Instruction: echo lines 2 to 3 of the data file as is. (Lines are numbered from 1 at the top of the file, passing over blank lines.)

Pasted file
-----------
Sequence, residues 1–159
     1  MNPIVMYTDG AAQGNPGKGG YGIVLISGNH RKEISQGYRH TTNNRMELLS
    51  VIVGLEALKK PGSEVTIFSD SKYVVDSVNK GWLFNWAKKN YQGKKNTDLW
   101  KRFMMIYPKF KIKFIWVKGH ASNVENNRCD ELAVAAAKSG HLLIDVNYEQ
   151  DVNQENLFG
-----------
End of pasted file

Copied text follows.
     1  MNPIVMYTDG AAQGNPGKGG YGIVLISGNH RKEISQGYRH TTNNRMELLS
    51  VIVGLEALKK PGSEVTIFSD SKYVVDSVNK GWLFNWAKKN YQGKKNTDLW